Now this is strange...

by factfinder 21 Replies latest jw friends

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    AWAKE! 2014-10


    Watching the World

    United States

    A GPS-trackable device attached to a vehicle

    Some police are using technology to make car chases less dangerous. One approach being tried involves compressed-air launchers fitted into the grills of patrol cars. These fire GPS-trackable devices that stick to vehicles being pursued. Suspects can then be tailed at a safe speed.


    An Indian woman

    It is estimated that every hour, a woman is killed because of a dispute over dowries. Though the custom of giving and receiving such payments is officially prohibited, in 2012 more than 8,200 women were murdered because a groom or his family believed his bride’s dowry to be insufficient.


    An alpine swift

    Tiny sensors attached to three alpine swifts at their breeding site have shown that the birds flew nonstop for more than 200 days while migrating to Africa. Previously, such sustained activity in motion had been reported only in marine animals.

    Horn of Africa

    A graph showing hijacking and ransom statistics

    Pirates hijacked 179 ships off the coast of the Horn of Africa between April 2005 and December 2012. Those criminal acts yielded up to $413 million (U.S.) in ransom money for the pirates, estimates a World Bank study

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    AWAKE! 2014-10

    A boy walks away from a girl who asked him for his phone number



    How to Resist Temptation


    “Sometimes girls ask me for my phone number and offer to ‘hook up’ with me. I refuse and walk away. But in the back of my mind, there’s a lingering thought, ‘What if I had given her my number?’ Honestly, some of those girls are very attractive. It’s easy to think, ‘Why not?’”—Carlos,* 16.

    Do you, like Carlos, struggle with temptation? If so, you can win the battle.


    A mouse being tempted by a piece of cheese in a mousetrap

    If you give in to temptation, you will only get hurt

    Everyone is vulnerable to temptation—even adults. After all, temptation can take many forms. The apostle Paul was not young when he wrote: “I really delight in the law of God . . . , but I see in my body another law warring against the law of my mind and leading me captive to sin’s law.” (Romans 7:22, 23) Despite the pressure, Paul resisted the urge to give in—and so can you! Really, why be a slave to your desires? (1 Corinthians 9:27) Learning to resist temptation while you are young will set you free from much anxiety now and will also prove to be a vital skill that you will need in adulthood.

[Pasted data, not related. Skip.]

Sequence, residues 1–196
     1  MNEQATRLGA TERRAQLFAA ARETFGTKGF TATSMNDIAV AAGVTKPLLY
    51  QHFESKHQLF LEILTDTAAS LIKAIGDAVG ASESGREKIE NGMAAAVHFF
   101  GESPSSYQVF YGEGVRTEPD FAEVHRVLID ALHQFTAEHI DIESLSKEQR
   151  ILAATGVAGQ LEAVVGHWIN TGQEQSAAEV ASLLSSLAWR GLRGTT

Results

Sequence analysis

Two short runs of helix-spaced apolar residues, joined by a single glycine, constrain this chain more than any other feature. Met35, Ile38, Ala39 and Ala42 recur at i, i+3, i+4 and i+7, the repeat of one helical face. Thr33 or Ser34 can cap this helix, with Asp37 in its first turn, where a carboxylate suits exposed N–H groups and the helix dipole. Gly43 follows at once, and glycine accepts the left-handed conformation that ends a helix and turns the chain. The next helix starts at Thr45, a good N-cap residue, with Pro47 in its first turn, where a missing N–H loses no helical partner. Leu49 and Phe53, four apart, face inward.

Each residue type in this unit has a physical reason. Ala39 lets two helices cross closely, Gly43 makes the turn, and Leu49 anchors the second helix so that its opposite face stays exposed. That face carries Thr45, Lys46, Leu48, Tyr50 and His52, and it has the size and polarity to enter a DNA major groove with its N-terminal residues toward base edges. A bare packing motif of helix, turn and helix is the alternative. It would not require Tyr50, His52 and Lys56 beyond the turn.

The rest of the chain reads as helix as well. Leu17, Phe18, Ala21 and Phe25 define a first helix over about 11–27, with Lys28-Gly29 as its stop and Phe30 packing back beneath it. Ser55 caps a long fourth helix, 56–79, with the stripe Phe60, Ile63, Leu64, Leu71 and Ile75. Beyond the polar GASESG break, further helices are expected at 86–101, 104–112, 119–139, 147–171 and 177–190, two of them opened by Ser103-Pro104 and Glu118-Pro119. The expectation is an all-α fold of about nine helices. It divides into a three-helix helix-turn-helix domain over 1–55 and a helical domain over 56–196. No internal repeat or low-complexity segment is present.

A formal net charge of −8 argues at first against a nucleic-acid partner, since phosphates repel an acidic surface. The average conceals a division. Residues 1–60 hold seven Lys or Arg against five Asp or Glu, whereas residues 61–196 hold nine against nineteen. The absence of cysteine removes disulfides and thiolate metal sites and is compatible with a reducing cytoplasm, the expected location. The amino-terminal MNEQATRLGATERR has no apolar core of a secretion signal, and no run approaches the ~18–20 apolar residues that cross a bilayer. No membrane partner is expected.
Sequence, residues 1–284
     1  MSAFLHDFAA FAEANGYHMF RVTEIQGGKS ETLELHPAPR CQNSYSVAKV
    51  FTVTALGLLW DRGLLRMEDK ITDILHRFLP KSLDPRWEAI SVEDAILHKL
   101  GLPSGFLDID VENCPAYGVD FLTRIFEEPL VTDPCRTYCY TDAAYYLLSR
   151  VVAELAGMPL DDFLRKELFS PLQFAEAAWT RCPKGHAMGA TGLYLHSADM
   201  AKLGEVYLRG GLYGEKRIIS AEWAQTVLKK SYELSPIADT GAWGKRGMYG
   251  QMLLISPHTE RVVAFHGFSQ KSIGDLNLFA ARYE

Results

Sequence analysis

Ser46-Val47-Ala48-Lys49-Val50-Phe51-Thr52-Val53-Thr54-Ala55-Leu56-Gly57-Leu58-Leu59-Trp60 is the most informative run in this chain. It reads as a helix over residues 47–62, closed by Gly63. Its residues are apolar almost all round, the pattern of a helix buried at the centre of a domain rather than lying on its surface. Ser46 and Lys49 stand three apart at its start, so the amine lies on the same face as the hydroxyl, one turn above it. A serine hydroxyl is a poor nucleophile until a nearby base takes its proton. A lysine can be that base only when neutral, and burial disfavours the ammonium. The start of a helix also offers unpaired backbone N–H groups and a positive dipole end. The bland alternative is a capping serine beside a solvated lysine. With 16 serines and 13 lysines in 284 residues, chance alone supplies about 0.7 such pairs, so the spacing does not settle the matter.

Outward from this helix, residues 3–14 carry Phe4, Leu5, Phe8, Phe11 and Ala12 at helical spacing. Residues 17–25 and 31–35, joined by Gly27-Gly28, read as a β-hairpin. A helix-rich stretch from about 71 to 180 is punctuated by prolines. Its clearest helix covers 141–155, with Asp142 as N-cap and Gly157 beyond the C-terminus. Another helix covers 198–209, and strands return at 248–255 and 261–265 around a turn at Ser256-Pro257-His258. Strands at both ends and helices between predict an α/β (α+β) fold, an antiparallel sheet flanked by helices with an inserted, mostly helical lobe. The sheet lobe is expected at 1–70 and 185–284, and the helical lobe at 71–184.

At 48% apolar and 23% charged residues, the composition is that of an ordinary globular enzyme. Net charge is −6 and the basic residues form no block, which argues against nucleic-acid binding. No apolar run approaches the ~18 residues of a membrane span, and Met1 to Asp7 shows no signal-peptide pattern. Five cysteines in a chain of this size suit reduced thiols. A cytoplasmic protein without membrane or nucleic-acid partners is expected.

The media fuels temptation. The Bible speaks of “youthful desires,” which are strong enough as it is. (2 Timothy 2:22) But movies, TV, music, and books marketed to young people often intensify those desires by conveying the impression that surrendering to temptation is acceptable. For example, if two characters in a movie are ‘in love,’ it is all but certain that they will have sex with each other at some point in the story. However, the Bible says that real men and women have the power to “keep abstaining from fleshly desires.” (1 Peter 2:11) That means you can choose to resist temptation. But how?


    Know your weaknesses. A chain is only as strong as its weakest link. Likewise, your resolve to do what is right is most likely to break in the areas in which you are most vulnerable. Which areas do you need to guard against?—Bible principle: James 1:14.

    Anticipate temptation. Think of situations where you are likely to face temptation. Mentally rehearse how you will resist if such temptation occurs.—Bible principle: Proverbs 22:3.

    Strengthen your convictions. The Bible says that when tempted to engage in sexual immorality, Joseph said: “How could I commit this great badness and actually sin against God?” (Genesis 39:9) The phrase “how could I” shows that Joseph had strong convictions about what was right and wrong. Do you?

    Find supportive friends. You can remove much temptation in your life by choosing as associates those who share your moral convictions. The Bible says: “The one walking with the wise will become wise.”—Proverbs 13:20.

    Avoid circumstances that will make temptation harder to resist. For example:

    • Do not allow yourself to be alone with a member of the opposite sex.

    • Avoid using the Internet at a time or a place that might make it tempting for you to view pornography.

    • Stay away from people whose speech and conduct make wrongdoing look attractive.

    Which guidelines could you set for yourself to help you avoid being brought into temptation?—Bible principle: 2 Timothy 2:22.

    Pray for help. Jesus told his disciples: “Pray continually, so that you may not enter into temptation.” (Matthew 26:41) The fact is, Jehovah God wants you to resist temptation, and he can help you to do so. The Bible says: “He will not let you be tempted beyond what you can bear, but along with the temptation he will also make the way out so that you may be able to endure it.”—1 Corinthians 10:13.


    ^ par. 4 Name has been changed.


    • “Each one is tried by being drawn out and enticed by his own desire.”—James 1:14.

    • “The shrewd one sees the danger and conceals himself.”—Proverbs 22:3.

    • “Flee from youthful desires.”—2 Timothy 2:22.



    “When I face temptation, I reject it immediately. I find it best not to dwell on the what-ifs or the idea that maybe it wouldn’t be so wrong. Letting the mind dwell on the possibilities is what gets you into trouble in the first place.”